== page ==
Interpolated Strings (C#)

3 January 2018

John (Redspa’s Head of Technical) looks into the Interpolated Strings feature of C# 6 and examines the pros and cons of using it.

What are Interpolated Strings?

Introduced in C# 6, Interpolated Strings allow you to cleanly construct strings from a mixture of hardcoded strings, variables and more.

Interpolated means “to add words to a text”. Let’s use an example to demonstrate using Interpolated Strings:

Example using Interpolated Strings

In older versions of C#, you could have used a number of ways to construct a piece of text using concatenation or formatted strings. For example:

// Using concatenation:
var concatenatedGreeting = “Hello “ + client.FirstName + “ “ + client.LastName;
// Using a formatted string:
var formattedGreeting = string.Format(“Hello {0} {1}”, client.FirstName, client.LastName);

Using Interpolated Strings, you can achieve the same result by simply using:

var clientFullName = $”Hello {client.FirstName} {client.LastName}”;

So when the client name is “Joe Bloggs”, all three output generating the following text:

Hello Joe Bloggs

In Interpolated Strings, the dollar sign ($) is used to tell the C# compiler that the string following it is to be interpreted as an Interpolated String. The curly braces encapsulate the values (of the variables) to include in the text. Note: you can include the literal curly braces by using “{{“ and “}}” accordingly.

All literal text is left in the string, such as the word “Hello” and all the whitespace.

Why should I use Interpolated Strings?

In my opinion, the Interpolated String example looks clean and makes it obvious as to how the separate parts of the text fit together (the word “Hello”, the client first name, the space character and the client last name). All the values are inline, improving readability.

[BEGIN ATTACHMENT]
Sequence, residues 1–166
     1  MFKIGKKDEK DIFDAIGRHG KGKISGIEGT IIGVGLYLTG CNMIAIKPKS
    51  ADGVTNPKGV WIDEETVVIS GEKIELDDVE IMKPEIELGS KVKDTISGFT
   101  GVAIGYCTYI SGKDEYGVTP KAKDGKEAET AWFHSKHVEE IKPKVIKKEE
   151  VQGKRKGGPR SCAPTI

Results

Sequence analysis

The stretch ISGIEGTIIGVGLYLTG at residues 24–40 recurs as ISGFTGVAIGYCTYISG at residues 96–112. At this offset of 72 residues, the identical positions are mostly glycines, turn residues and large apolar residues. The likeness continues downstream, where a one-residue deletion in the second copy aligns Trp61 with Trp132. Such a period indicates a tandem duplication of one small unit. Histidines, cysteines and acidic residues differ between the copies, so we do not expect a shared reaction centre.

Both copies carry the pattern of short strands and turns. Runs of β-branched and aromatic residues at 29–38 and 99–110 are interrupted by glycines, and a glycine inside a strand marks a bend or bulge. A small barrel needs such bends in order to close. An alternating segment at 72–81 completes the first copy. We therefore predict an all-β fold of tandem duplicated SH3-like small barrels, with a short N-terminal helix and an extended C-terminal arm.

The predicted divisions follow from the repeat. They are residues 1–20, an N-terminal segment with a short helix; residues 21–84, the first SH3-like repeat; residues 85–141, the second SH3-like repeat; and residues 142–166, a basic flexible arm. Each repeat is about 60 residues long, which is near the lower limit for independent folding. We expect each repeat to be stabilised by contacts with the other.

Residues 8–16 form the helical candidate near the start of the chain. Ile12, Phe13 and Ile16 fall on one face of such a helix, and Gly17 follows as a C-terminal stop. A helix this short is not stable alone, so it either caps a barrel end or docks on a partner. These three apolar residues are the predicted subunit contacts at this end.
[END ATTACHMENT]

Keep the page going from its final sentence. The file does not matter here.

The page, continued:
Previously, I preferred to use formatted strings (i.e. string.Format) over concatenated strings as it improved the readability of the text you were trying to piece together. Formatted strings use placeholders (the values contains within curly braces), which Interpolated Strings have inherited and improved upon.

The positioning of the text and the use of whitespace is much more obvious (when using Interpolated Strings). I’ve come across many software bugs which could have been easily avoided using the clean approach provided by Interpolated Strings.

A big plus is that you get compile-time checking of your Interpolated Strings in Visual Studio. So if a variable value cannot be directly converted to a string, the compiler will let you know immediately, before your code goes anywhere near the Production website and your client base.

I’ve written unit tests that use Interpolated Strings to test the string output of business logic functions, and Interpolated Strings make it clear as to what the string output should be.

Finally, another nice feature is that you can mix in method calls, etc, into the placeholders (if you really want or need to!). For example:

var greeting = $”Hello {client.FirstName}!{IsClientBirthday(client) ? “ Happy birthday!” : string.Empty}”;

Are there any downsides in using Interpolated Strings?

As of this writing, Interpolated Strings are not (by default) supported in Razor views within MVC applications, which I think is a missed opportunity. However you can enable this feature manually using the advice in this StackOverflow article (when using C# 6 and MVC 6).

Also I think concatenated (and formatted) strings are a little more obvious to new developers, or those with a history in PHP (for example). But it’s worth putting in the time and practice using Interpolated Strings as it will help you write better code.


I highly recommend using Interpolated Strings, especially as it helps make code easier to read and be maintained by other developers. It also helps mitigate against annoying little text-orientated bugs (such as missing, or incorrect, whitespace appearing in text).

John Millard - Head of Technical About the Author
John Millard (Head of Technical at Redspa) has over 20 years commercial experience architecting and building web & software solutions. He specializes in cloud, web and backend technologies and has a keen interest in blogging, SEO and social media. Contact John at